The House with a Clock in Its Walls
Black, more than anyone else, should have been the one to wind up The House with a Clock in Its Walls. Too bad he doesn't…
What is the NYFF crowd going to make of "The Host"?
NYFF! Huh! (Good gawd, y'all.) What is it good for?
I laughed when I read Caryn James' tired and trivial "All the King's Men" piece in the New York Times the other day -- especially this little nugget of unsupported parochial spin:
Oscar-ready films that have opened in September, like “Mystic River" and “Good Night, and Good Luck," have come out of the prestigious New York Film Festival. “All the King’s Men" went to the nonexclusive Toronto film festival, and the word there was that the movie was mediocre at best.
As David Poland points out ("Why We Don't Link To Caryn James Much"), that notion is "as wrong as wrong can be." He cites the obvious counter examples of Oscar faves shown at Toronto but not NY: "Crash," "Brokeback Mountain," "Capote," "Sideways," "Ray," "Finding Neverland"... and mentions that Clint Eastwood's "Flags of Our Fathers" also isn't being shown at NYFF. (For that matter, neither is Martin Scorsese's "The Departed," although both films open in October.)
But who even cares whether a film festival screens a movie that's later nominated for an Oscar? That's not what film festivals are about. So, is James suggesting that the more "exclusive" a festival is, the better it is? In that case, surely the Floating Film Festival (which shows twenty-something films and is programmed mostly by film critics, including Roger Ebert, Richard and Mary Corliss and me), and which is held aboard a cruise ship for only 200 or so festivalgoers, is the more "exclusive" fest. (Bruce Kirkland of the Toronto Sun has called it "the world's most exclusive.") Still, Roger Ebert says the two best film festivals in the world -- in terms of influence and quality -- are Cannes and Toronto.
Or maybe James is suggesting that "mediocre at best" pictures are helped by exposure at "prestigious" film festivals, but not at "nonexclusive" ones? (Didn't seem to help "The Da Vinci Code" or "Southland Tales" get better reviews out of Cannes...) Does she think people would think the movie was better if it was in NYFF rather than TIFF? Does she also have a bridge for sale?
But the question I really want to ask is: To whom does the New York Film Festival matter and in what ways? The general public can't get tickets, which are almost exclusively reserved for donors to the Film Society of Lincoln Center. NYFF is social payback -- time to give the old rich folks a little cinematic baksheesh for their generous financial support.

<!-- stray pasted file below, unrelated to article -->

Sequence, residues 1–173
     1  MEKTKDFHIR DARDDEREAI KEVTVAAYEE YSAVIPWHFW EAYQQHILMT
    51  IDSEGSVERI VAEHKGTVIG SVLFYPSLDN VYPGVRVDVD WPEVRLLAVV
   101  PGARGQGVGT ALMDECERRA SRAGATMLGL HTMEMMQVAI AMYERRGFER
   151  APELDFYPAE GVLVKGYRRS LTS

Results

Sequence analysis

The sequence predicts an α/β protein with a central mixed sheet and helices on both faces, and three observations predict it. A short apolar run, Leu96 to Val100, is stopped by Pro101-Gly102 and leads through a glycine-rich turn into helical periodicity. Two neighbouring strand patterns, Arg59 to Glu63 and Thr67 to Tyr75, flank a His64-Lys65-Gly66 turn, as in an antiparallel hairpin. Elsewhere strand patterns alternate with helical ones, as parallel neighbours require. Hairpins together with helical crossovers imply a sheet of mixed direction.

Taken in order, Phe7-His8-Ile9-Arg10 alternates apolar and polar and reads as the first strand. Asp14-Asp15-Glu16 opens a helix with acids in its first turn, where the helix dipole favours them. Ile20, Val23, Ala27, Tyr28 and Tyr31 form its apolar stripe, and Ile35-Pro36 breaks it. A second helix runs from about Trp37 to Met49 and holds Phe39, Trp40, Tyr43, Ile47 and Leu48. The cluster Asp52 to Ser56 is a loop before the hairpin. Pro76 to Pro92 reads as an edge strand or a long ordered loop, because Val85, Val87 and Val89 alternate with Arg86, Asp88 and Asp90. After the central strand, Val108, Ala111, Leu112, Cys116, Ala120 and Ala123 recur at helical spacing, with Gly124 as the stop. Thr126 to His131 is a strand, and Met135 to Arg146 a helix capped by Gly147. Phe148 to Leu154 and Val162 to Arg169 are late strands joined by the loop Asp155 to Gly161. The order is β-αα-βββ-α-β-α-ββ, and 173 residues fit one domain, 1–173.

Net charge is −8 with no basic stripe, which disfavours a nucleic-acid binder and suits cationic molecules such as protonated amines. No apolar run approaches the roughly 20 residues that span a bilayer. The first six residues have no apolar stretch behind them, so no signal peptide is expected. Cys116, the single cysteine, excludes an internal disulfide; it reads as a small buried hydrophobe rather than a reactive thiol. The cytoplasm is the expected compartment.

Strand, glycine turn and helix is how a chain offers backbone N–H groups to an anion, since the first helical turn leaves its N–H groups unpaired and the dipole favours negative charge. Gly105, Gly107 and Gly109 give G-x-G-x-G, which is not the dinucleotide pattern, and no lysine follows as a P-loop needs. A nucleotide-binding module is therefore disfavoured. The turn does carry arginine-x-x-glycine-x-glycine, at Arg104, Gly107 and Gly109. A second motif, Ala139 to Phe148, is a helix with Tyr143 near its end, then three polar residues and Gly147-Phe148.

OK, so it doesn't do a helluva lot for the movie lovers of New York. How does it help the films themselves? I asked several prominent specialty distributors recently, and they only thing they all agreed upon was that if you put your movie in the NYFF, and you opened it shortly after the festival screenings (in many cases, that means releasing it the very next day), you could save a lot of money because Lincoln Center would cover practically all your publicity costs (getting the filmmakers in town for interviews, etc.). Basically, the festival pays for the launch of your movie -- and it's damned expensive to open a movie in New York. Plus, you get a good word-of-mouth screening out of it.
Unfortunately, "art films" in New York are unhealthily dependent on a single, make-or-break New York Times review, and (until this year, when the Times revised its policy) films in the NYFF were reviewed only once -- when they played the festival. Naturally, if you got a good review, you'd want to open the movie as soon as possible to capitalize on it. (If the Times review isn't going to be so good, or if it's uncertain, you open the movie on a Sunday. If the review turns out to be positive, you buy ads and reprint it.)
Nobody I talked to spoke of any particular "prestige" associated with being in the NYFF. One person did tell me a story about negotiating for the US rights to a foreign film, and how the producer held out for more money after the film was selected for the NYFF. Problem was, an NYFF slot didn't appreciably increase the value of a film in the American market. (For that matter, neither would any other film festival.) The Times review was not so great. And the movie went without a US distributor.
You may have noticed that this week Robert De Niro and the Tribeca Film Festival gang were making headlines, upstaging the opening of the NYFF with a press conference expressing solidarity with the newly launched festival in Rome, which begins later in October. That festival has been criticized for competing with the Venice festival, just as Tribeca has been criticized for competing with the old guard NY Fest. And, of course, that kind of competition is exactly the point of mounting the new festivals in Rome and Tribeca.
So, I ask YOU -- whether you're a distributor, a filmmaker, a publicist, a critic, a moviegoer: What do you get out of the NYFF? How does it help film in New York, or anywhere else? Or does it? Feel free to post comments anonymously if you have to -- or send me an e-mail and I'll do it for you. I think you see my point of view -- so, enlighten me, change my mind if I'm wrong, or confirm my impressions with your own experiences and observations. I really want to know what this apparent dinosaur has to offer the film world in the 21st century...
P.S. Over at The Hot Blog, Texas-based Variety critic Joe Leydon comments: "At this point in time, when a film plays the New York Film Festival, it does more for the festival than it does for the film. Seriously. Is there a more irrelevant festival in any major North American city? Hasn't Toronto made the event almost comically redundant?"
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